Totally immersed in what we do. We live and breathe family law


In a series of blogs Legal Director, Nicola Meldrum, joins with guest author Sunita Anderson who is a survivor of domestic violence and now coaches and mentors other survivors through domestic abuse recovery.  Together they look into what domestic violence is, the different forms it can take and the route out of an abusive relationship.  

Legal Director Nicola Meldrum provides the criminal definition of domestic abuse, which is set out in the Domestic Abuse Act 2021. Here it is defined as an incident or patterns of incidents of controlling, coercive or threatening behaviour, violence, physical or sexual abuse, economic abuse or psychological, emotional or other abuse. This behaviour takes place between those aged 16 or over who are or have been intimate partners, married or otherwise, those that have or have had a parental relationship in relation to the same child, or relatives, regardless of sexuality or gender. If someone is found guilty of committing domestic violence they will face prosecution.

Within family law the aspects of domestic abuse that are dealt with from a legal perspective, and which fall outside criminal law, are the means of protecting the victim and helping them secure their safety and also where necessary the safety of their family. There are private orders that can be obtained, called non-molestation orders and occupation orders. These stop the abuser doing certain acts, for example not to contact the victim, or restricting them from entering all or parts of a shared property.

The paramount consideration is securing the victim’s safety – as family lawyers, after considering a client’s particular situation we would advise on the most appropriate steps to take from a legal perspective. Nicola addresses the specific legal options in a later blog in this series.

What is the Cycle of Abuse?

A common misperception is that for abuse to exist, it needs to be there all of the time. The reality is that it can have absences, and the gaps can sometimes be quite large, but when the abuse kicks in it is not random. There is a distinct pattern and this is known as the Cycle of Abuse. Let’s take a look…

  1. Honeymoon Phase – The freshness of this phase where it feels as if nothing could ever go wrong. There is love, trust, passion and a sense of bonding. The abuser begins manipulation by saying and doing things that happily overwhelm their partner with love.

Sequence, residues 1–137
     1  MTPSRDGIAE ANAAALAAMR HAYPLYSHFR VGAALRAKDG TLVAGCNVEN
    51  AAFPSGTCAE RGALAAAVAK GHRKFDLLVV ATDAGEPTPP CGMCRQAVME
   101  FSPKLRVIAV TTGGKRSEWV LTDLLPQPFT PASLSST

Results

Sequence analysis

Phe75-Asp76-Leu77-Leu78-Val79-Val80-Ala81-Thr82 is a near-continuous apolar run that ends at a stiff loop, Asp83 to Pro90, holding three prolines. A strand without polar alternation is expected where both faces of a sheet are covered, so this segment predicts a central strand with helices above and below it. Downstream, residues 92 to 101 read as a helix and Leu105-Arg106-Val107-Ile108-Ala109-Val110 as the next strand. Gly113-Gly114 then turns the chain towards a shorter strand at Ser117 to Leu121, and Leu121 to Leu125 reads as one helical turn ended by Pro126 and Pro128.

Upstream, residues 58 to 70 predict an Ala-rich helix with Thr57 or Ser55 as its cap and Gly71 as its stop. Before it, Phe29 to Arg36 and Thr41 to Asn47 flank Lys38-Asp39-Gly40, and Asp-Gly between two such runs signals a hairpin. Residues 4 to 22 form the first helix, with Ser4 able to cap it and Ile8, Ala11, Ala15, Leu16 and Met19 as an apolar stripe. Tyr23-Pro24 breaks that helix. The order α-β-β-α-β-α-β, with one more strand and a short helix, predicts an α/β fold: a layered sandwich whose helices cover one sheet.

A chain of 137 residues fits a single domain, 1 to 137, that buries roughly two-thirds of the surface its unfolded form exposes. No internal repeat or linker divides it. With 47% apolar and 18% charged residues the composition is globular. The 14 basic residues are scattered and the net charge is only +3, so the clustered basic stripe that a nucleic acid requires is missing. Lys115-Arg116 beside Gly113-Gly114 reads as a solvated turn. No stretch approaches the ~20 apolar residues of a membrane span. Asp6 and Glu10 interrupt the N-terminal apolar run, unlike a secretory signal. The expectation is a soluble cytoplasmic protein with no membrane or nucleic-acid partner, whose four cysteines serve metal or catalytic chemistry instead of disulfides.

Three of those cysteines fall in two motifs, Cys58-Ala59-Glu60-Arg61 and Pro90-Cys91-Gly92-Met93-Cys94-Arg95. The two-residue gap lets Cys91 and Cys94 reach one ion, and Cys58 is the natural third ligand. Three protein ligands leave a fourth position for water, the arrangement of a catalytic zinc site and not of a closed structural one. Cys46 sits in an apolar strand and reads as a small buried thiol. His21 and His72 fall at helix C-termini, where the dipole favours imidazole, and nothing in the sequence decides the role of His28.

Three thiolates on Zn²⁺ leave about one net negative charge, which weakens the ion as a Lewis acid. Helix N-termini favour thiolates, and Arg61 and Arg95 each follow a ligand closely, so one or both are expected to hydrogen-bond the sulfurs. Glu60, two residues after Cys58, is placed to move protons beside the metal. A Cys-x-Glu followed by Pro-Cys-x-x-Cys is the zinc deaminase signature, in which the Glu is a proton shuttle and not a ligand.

2. Tension Building – Stresses start to build. Often caused from outside factors, such as money worries, work pressure or health issues, the reaction at home is an increase in lashing out at the non-abusive partner. Being short-tempered, impatient, irrational and quick to have an outburst, the abuser will be hard to pacify and cracks start to form.
  3. Explosion – The bottle explodes attacking the non-abuser, the victim, in any number of harmful ways, all demonstrating a power position held by the abuser. It can be disorienting and disabling.

Then the cycle goes full circle back to the beginning again, which is renamed Reconciliation: making up and giving guilt-inducing explanations from “I love you; It’ll never happen again” to turning to alcohol or threatening suicide. The mental impact of this cycle takes a toll that is harmful yet invisible to the victim until they are no longer in this relationship.

This is a complex and difficult situation. There may be denial as a result of fear of change or letting go. It is usual to believe that love is still in play, victims often tell themselves ‘better the devil you know’, confusing control for ‘love’, with an ironic twist on the use of devil. However, treading on eggshells is the same as living in fear which is never a healthy option.

If you would like to discuss any of the above in more detail, please do not hesitate to send Nicola or Sunita an email.

Need Help And Advice?

If you require assistance with any aspect of Family Law, please contact us on 01727 734260.

Contact Us

Speak to us

If you would like to arrange a first meeting or have any questions, please contact us or fill in the enquiry form below.

  • This field is for validation purposes and should be left unchanged.